Ensco (NYSE: ESV) is a London-based oil drilling services company with rigs all over the world.
It pays a healthy 5.4% dividend yield. It has paid a dividend since 1998, but it wasn’t until 2010 that management decided to return more money to shareholders. From 1998 until 2009, the company paid a miniscule $0.10 dividend per year. Then, in 2010, it bumped it up to a more respectable $1.40 per year.
Since 2012, it has raised the dividend three times to the current level of $3 per year or $0.75 per quarter.
However, I’m not so sure it should be that high.
When we look at Ensco’s statement of cash flows, we see that the company generates a ton of cash from operating its business. That’s a good thing.
[ad#Google Adsense 336×280-IA]Last year, cash flow from operations was $1.98 billion, down from $2.2 billion the year before but up from $732 million in 2011.
However, the oil drilling services business is capital intensive.
It costs a lot of money to fix old and buy new equipment.
As a result, capital expenditures (capex) eat up most of the cash flow from operations.
In 2013, capex was $1.78 billion, leaving the company with just $200 million in free cash flow.
I say “just $200 million” because it paid shareholders $526 million in dividends. In other words, it had to dip into its cash on hand in order to pay investors their dividends.
In 2012, the situation wasn’t as bad. Ensco’s free cash flow was $398 million, while it paid $348 million in dividends, leaving it with a $50 million buffer. The year before, it barely had any free cash flow.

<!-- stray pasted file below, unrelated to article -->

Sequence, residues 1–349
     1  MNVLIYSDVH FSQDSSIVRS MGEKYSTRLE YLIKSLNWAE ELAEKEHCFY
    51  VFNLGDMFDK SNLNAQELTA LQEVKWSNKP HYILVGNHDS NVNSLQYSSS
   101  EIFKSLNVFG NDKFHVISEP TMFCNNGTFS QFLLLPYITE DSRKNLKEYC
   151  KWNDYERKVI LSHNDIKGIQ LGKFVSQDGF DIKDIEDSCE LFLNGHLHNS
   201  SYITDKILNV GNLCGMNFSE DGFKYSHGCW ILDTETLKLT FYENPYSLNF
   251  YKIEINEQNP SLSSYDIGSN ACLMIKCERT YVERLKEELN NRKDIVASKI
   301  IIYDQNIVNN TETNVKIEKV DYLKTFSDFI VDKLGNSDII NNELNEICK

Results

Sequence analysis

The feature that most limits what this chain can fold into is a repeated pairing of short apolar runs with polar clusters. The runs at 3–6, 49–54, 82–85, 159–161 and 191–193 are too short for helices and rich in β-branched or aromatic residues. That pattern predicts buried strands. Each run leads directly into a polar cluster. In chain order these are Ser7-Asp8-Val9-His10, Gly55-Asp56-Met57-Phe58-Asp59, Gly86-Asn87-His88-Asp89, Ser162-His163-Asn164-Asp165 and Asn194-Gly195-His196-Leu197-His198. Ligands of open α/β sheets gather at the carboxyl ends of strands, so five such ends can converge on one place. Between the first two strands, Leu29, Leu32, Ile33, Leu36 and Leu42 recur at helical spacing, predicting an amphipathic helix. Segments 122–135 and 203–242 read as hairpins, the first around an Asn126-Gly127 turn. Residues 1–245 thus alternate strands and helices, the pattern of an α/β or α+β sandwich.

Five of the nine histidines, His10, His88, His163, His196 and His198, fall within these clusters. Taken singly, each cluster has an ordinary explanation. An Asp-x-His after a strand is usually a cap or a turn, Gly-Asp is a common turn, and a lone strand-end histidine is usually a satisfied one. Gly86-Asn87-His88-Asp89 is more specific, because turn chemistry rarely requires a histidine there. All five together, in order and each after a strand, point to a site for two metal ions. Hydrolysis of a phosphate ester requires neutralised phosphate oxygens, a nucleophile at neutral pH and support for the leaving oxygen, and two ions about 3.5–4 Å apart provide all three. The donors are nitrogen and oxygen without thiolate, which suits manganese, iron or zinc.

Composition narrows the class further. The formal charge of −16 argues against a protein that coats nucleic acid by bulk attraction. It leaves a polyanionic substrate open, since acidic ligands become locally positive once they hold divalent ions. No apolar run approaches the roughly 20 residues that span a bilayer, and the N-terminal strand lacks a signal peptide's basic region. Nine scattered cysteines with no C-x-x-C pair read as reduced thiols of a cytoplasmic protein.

And in 2014, the situation is expected to get worse as free cash flow is forecast to be negative due to an increase in capex.
In 2015, capex is projected to drop by about $500 million, which is the same amount that Wall Street predicts Ensco will generate in free cash flow. Remember, the company paid out $526 million in dividends last year.
Unless the share count is reduced meaningfully, it will likely distribute at least that amount in each of the next few years, if it doesn’t cut the dividend.
It’s not until 2016 that free cash flow is expected to be significantly greater than the dividend.
With a track record of raising the dividend, which is good, but too short to be noteworthy in my book, and not enough free cash flow to cover the dividend for the next year and a half, I’m not confident Ensco’s dividend is stable.
I don’t suspect a cut is imminent, but there is some risk, especially if Ensco’s results are worse than current projections.
If the company misses expectations, keep a close eye on it.
Dividend Safety Rating: C
— Marc Lichtenfeld
Source: Wealthy Retirement